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Roasting Vegetables with Chicken

m
mushroombelt Jul 13, 2007 07:29 AM

I have recently mastered roasting a chicken, however, am still lacking in the vegetables department. The recipe I use has me roasting them under the chicken and cooking them together, but every time the chicken comes out perfectly and the vegetables are quite burnt. Can someone please tell me what I should do differently?

  1. l
    laurendlewis Jul 13, 2007 08:26 AM

    Try some different veggies like turnips, sweet potatoes, celery root, etc - they're different than the normal fare and so tasty!

    1. n
      nosh Jul 13, 2007 08:14 AM

      I also enjoy a well-roasted chicken with (mostly) root vegetables cooked underneath in all of that yummy rendered chicken fat. I agree with most of the suggestions so far: I cook the chicken on a rack, not resting on the veggie bed itself. This allows the entire chicken to crisp. I use a cast-iron skillet, so it is certainly thick and heavy enough. If I'm roasting a fairly large chicken for an hour and a half, I wait for 20-30 mins to add the vegetables, not only to reduce their cooking time but to make sure some fat has begun to fall so they aren't scorching in an empty hot pan. I also cut the vegetables into fairly long, thick planks -- carrots sliced midway and then the small end sliced once or put in whole and the root end sliced into quarters lengthwise, onions in half-inch or third-inch strips, zucchini cut into three-inch lengths and then into hefty planks, maybe some red bell pepper too. Lots of chopped garlic mixed in. And I use a slotted spoon to mix them up midway through cooking if it looks or smells like those on the bottom may be getting overdone.

      1. Gio Jul 13, 2007 07:43 AM

        When I roast vegetables with chicken I generally use potatoes, quartered, and onions, quartered. (Sometimes I include sliced parsnips and carrots) I put the VGs in a bowl and toss with salt & pepper and a drizzle of olive oil, & sometimes chopped thyme and/or oregano.
        Then I rinse and season the chicken, put that in the roasting pan and put the VGs all around the chicken. This is roasted in a pre-heated 375* oven for about 1 hour & 20 minutes. Everything has always been cooked to perfect "doneness".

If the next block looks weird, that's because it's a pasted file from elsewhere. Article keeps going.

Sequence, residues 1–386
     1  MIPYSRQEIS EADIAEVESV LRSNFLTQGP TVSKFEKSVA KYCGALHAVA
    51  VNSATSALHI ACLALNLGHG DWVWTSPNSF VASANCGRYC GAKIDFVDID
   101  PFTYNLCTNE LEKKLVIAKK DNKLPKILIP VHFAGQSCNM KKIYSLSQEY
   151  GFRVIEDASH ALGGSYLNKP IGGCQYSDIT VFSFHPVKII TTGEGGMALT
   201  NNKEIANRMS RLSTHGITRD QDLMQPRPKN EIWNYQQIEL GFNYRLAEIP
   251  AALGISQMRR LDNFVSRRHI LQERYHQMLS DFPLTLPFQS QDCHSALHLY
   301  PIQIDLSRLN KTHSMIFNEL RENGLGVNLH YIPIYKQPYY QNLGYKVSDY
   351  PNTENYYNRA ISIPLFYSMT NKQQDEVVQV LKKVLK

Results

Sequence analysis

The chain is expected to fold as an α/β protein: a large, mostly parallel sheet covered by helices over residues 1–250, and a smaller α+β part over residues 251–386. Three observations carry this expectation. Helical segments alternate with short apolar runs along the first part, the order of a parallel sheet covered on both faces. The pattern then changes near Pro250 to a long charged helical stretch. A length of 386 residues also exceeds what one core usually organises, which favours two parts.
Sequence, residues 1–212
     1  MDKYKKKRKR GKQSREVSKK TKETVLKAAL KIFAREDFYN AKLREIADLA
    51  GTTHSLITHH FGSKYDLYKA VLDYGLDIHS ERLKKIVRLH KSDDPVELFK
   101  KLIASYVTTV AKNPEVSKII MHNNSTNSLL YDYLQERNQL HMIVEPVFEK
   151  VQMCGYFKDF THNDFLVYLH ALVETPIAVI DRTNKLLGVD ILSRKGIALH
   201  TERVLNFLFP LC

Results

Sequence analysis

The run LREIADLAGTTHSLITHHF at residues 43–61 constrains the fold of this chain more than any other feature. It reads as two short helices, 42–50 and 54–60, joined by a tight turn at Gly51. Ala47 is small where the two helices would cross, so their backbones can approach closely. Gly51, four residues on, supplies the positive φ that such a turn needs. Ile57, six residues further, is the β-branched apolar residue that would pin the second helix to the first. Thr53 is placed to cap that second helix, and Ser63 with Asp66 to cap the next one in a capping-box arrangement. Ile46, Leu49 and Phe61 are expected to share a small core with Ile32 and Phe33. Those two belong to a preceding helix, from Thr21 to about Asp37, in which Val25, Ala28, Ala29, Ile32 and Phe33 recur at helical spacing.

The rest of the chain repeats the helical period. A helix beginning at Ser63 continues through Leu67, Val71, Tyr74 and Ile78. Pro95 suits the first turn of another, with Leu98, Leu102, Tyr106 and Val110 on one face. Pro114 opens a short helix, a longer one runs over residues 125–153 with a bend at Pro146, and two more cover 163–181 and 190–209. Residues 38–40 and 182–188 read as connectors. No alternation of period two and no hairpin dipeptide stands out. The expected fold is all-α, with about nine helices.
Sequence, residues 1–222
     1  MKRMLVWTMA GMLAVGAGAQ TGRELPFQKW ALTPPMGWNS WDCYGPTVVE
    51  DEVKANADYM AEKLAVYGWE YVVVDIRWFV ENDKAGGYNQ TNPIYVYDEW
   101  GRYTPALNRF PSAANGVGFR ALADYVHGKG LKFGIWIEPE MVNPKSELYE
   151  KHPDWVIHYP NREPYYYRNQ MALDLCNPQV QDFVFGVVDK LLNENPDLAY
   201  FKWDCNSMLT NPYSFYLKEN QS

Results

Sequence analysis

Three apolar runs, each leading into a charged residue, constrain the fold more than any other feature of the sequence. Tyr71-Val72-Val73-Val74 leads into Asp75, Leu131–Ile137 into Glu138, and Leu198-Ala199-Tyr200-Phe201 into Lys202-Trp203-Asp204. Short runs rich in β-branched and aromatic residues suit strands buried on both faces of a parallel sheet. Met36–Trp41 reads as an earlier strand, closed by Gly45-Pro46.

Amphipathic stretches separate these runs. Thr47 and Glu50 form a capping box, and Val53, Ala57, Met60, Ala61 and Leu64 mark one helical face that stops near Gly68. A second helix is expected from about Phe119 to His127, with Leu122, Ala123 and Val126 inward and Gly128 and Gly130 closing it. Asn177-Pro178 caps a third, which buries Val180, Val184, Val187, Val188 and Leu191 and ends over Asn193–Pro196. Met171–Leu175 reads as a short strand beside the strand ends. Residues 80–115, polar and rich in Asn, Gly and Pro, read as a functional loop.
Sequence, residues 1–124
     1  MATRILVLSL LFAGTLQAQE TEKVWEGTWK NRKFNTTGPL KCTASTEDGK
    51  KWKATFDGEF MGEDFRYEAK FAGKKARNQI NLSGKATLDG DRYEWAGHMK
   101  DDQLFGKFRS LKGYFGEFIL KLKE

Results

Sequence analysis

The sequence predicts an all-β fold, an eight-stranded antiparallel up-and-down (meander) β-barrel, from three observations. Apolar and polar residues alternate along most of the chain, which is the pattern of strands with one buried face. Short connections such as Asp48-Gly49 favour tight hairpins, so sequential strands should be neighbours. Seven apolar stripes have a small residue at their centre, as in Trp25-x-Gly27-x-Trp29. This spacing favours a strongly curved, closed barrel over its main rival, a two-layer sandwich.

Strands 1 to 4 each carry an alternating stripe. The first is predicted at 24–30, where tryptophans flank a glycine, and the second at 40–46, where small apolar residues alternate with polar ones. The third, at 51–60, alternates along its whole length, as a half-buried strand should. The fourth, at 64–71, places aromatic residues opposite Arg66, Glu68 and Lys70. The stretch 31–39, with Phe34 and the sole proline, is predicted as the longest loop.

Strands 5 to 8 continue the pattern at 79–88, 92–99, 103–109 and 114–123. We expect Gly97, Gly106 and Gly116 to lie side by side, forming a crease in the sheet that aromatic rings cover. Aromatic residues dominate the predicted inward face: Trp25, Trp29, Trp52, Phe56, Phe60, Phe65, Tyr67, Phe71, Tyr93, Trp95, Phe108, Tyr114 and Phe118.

1. C. Hamster Jul 13, 2007 07:38 AM

          It depends on the veggies. What kinds are you using? How long are you cooking the chicken?

          Many veggies can be added to the pan part-way through the cooking process.

          IMO cooking veggies in the roasting pan makes it harder to make gravy, so I usually don't do it.

          3 Replies
          1. re: C. Hamster
            m
            mushroombelt Jul 13, 2007 07:42 AM

            The chicken is cooked for about an hour and a half. The recipe calls for onions, fennel and carrots. I'm not too concerned about the gravy as my family doesn't really care for it, but would love to have the carrots, etc as a side. I'm scared that if I don't have the veggies in the pan, then the bottom of the chicken will burn. Or is that not the case?

            1. re: mushroombelt
              Gio Jul 13, 2007 07:46 AM

              You can use a rack under the chicken. The juices will drip down on the VGs and flavor them. I've never had a case of the bottom of the chicken burning, even if I didn't use the roasting rack.

              1. re: mushroombelt
                C. Hamster Jul 13, 2007 07:48 AM

                What Gio describes below usually works as potatoes, carrots and oinions can all cook for a long time. I am assuming that Gio uses a rack in the roasting pan to rest the chicken on.

                You can certainly do it that way with onions, fennel and carrots.

                Because you say that the veggies burn, I am wondering if you are high heat roasting, ala Barbara Kafka? If so, veggies don't work so well. If not, the reason they burn may be that your roasting pan is too thin.

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